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Mark Mizruchi: Cohesion, Fragmentation, and Power: The Role of Inadvertent Robust Action

May 9 @ 15:00 - 16:30

On the 9th of May CORPNET proudly presents “Cohesion, Fragmentation, and Power: The Role of Inadvertent Robust Action” by Mark Mizruchi (University of Michigan).


It is broadly accepted among political scientists, political sociologists, and social movement theorists that a unified group will have a higher probability of success than a group that experiences internal divisions or fragmentation.  Similarly, it has been assumed that in a society with a relatively unified elite, the elite will experience disproportionately high benefits relative to the larger population.  I take issue with this claim.  In the mid-twentieth century, large American corporations exhibited a relatively high level of unity but the relative economic benefits accruing to the elite were at historic lows.  In more recent years, American big business has become increasingly fragmented, yet the economic benefits that these elites receive have reached historic highs, and the average American’s standard of living has stagnated.  Drawing on Padgett and Ansell, I introduce the concept of inadvertent robust action to explain how a relatively fragmented, disorganized elite can reap benefits that exceed those that its more unified counterparts experienced in an earlier era.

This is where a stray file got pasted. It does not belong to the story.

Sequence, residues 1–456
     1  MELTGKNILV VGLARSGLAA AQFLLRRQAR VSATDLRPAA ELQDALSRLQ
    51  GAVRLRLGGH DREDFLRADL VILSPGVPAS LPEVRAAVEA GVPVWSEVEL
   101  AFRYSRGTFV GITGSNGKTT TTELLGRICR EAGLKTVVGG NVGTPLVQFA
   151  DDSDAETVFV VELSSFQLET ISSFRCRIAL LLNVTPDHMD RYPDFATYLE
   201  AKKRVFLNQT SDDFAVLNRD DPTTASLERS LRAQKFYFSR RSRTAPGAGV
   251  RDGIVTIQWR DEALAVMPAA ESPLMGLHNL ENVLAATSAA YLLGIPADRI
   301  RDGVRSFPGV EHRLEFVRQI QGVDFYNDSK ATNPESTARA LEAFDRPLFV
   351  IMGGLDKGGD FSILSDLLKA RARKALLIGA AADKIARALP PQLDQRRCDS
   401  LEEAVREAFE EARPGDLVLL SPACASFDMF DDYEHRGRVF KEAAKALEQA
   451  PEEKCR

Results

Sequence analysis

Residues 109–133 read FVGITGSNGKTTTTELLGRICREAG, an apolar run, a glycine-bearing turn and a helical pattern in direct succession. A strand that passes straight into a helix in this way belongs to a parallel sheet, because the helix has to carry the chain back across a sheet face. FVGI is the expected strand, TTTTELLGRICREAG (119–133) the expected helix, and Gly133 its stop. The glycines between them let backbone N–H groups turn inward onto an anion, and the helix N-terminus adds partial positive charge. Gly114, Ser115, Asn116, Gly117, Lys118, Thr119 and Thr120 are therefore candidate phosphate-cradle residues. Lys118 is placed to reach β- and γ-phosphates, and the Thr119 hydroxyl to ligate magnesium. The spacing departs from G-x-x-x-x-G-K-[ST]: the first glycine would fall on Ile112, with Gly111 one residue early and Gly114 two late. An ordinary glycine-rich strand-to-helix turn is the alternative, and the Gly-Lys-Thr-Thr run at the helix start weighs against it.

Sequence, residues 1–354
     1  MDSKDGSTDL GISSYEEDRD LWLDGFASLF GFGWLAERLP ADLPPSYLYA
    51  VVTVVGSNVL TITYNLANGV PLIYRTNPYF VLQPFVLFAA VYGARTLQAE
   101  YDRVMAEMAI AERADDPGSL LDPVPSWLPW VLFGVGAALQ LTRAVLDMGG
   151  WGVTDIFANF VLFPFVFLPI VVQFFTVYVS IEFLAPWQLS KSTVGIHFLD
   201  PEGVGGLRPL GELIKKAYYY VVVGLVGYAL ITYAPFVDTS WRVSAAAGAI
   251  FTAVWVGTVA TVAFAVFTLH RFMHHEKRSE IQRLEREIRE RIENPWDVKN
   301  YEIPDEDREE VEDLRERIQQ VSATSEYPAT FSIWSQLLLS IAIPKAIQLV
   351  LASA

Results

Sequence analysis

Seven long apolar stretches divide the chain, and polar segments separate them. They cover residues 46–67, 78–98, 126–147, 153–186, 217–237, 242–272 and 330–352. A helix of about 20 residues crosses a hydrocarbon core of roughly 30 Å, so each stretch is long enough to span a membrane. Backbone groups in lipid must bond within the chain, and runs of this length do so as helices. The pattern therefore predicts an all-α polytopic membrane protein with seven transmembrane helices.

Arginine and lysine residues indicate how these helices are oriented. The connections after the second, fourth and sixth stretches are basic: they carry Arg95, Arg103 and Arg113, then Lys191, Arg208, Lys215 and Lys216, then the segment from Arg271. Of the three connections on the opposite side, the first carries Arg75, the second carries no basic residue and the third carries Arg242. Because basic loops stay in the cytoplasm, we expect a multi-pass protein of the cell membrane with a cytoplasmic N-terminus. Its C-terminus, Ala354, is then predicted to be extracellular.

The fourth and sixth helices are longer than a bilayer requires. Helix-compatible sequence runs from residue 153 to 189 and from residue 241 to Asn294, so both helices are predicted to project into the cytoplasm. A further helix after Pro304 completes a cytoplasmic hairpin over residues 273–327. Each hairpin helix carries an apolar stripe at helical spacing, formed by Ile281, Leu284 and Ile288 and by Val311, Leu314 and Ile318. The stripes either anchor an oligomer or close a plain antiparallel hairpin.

Photo: University of Michigan

About the speaker

Mark Mizruchi is a Professor of Sociology, Organizational Studies, and Management and Organizations at the University of Michigan. His research focuses on the economic and political behavior of large American corporations as well as the methods of social network analysis. Mizruchi’s current project is a study of the changing nature of the American corporate elite, from the period immediately after World War II to the present. His latest book is “The Fracturing of the American Corporate Elite” (2013).

The event is free and no registration is needed.

This seminar is organized together with AMCIS (Amsterdam Centre for Inequality Studies).

More information can be found here.


May 9
15:00 - 16:30


University of Amsterdam REC B2.08

Nieuwe Achtergracht 166





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